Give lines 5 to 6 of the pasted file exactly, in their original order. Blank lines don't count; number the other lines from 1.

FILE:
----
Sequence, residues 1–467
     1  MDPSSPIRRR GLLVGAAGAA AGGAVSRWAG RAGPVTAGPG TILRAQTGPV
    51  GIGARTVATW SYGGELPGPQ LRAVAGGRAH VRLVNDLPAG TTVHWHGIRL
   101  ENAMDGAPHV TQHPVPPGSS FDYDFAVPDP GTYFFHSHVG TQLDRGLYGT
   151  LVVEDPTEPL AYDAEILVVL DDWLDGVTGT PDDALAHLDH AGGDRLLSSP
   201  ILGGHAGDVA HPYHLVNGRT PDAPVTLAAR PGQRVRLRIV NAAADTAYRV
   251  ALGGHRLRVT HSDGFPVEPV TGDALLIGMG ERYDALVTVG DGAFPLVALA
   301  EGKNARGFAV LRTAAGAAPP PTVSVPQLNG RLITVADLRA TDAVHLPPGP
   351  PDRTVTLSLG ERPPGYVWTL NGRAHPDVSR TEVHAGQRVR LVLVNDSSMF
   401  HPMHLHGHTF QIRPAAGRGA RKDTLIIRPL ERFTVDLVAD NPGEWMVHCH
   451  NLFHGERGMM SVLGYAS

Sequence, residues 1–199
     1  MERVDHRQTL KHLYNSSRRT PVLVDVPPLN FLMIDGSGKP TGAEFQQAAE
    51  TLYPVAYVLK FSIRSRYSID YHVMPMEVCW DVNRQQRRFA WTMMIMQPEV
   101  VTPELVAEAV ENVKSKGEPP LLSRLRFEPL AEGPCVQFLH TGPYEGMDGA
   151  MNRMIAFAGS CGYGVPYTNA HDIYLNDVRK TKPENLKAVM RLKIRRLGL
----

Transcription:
   151  LVVEDPTEPL AYDAEILVVL DDWLDGVTGT PDDALAHLDH AGGDRLLSSP
   201  ILGGHAGDVA HPYHLVNGRT PDAPVTLAAR PGQRVRLRIV NAAADTAYRV